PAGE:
Journal of applied physiology: respiratory, environmental and exercise physiology

Increased excretion of urea and N tau -methylhistidine by rats and humans after a bout of exercise.

PMID 7061274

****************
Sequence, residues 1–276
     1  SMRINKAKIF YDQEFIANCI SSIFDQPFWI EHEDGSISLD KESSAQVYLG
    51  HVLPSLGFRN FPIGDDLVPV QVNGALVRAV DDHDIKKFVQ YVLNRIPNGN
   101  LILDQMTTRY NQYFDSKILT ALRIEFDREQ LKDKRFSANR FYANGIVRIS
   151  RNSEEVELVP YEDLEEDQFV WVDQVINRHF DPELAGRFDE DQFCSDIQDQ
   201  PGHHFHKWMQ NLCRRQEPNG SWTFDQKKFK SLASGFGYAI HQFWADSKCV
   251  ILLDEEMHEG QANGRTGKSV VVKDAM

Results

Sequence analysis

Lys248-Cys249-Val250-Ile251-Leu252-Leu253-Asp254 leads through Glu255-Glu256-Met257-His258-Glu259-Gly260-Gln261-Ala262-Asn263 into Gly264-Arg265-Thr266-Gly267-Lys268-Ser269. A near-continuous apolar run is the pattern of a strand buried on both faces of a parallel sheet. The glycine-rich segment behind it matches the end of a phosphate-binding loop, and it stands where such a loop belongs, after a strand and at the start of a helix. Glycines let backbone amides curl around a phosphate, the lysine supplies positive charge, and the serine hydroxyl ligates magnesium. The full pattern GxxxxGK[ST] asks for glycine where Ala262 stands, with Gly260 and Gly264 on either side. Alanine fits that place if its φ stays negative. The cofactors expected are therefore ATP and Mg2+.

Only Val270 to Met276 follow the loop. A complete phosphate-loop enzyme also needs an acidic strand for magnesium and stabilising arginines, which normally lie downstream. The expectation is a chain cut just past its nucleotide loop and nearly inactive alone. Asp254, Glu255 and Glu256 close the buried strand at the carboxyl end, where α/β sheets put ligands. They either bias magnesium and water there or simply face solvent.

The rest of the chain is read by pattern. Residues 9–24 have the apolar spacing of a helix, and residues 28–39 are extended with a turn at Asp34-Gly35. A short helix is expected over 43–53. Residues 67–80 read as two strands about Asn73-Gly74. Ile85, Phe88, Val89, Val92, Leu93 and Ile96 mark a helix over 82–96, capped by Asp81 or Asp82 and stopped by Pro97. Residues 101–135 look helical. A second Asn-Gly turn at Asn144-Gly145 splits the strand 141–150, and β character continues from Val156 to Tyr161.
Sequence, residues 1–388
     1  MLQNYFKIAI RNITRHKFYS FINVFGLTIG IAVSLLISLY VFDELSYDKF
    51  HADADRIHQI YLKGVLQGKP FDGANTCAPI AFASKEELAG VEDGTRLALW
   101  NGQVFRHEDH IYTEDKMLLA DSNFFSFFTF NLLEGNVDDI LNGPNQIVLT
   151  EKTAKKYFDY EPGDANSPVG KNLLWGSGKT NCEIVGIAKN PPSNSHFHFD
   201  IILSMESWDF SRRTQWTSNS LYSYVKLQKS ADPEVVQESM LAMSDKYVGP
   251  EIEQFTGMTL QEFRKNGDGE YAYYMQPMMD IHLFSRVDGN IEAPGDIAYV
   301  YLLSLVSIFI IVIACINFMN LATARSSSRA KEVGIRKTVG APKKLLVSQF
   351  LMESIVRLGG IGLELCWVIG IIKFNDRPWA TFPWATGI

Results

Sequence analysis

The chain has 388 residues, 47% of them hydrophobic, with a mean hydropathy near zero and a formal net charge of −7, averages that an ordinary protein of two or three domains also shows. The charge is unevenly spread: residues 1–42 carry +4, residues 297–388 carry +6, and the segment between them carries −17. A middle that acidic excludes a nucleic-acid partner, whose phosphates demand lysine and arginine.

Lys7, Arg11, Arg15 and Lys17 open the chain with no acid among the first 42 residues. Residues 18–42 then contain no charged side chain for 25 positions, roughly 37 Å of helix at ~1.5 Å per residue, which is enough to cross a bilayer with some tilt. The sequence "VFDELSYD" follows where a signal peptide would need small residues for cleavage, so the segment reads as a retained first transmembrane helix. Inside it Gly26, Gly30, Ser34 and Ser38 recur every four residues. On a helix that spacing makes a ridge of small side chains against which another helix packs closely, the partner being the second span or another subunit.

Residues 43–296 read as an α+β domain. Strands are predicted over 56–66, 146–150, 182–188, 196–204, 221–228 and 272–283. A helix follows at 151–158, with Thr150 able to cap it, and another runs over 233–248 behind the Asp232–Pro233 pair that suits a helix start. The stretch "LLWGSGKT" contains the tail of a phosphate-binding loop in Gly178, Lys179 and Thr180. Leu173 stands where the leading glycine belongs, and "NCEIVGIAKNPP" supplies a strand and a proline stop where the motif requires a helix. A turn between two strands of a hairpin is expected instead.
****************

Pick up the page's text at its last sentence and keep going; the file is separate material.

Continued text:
This study was undertaken to investigate whether an exercise bout increases muscle protein degradation and amino acid catabolism. The excretion of urea and N tau -methylhistidine before and after an exercise bout was determined for both rats and human subjects. The rats ran on a treadmill until they could no longer run. Two groups of human subjects completed strenuous exercise bouts: one group (runners) ran 10-12 miles while the other group (weight lifters) performed a standard power lift routine that lasted approximately 1 h. In rats, urea excretion was elevated for the first 12 h after the exercise bout whereas N tau -methylhistidine excretion was elevated for 48 h following exercise. The increased N tau -methylhistidine excretion after exercise supports previous reports of increased protein degradation in the perfused hindquarter and increased levels of essential amino acids in muscle, liver, and plasma of exercised rats. In human subjects, both running and weight lifting resulted in increased excretion of urea and N tau -methylhistidine. The results of the present study support the hypothesis that muscle protein breakdown and amino acid catabolism are increased by exercise.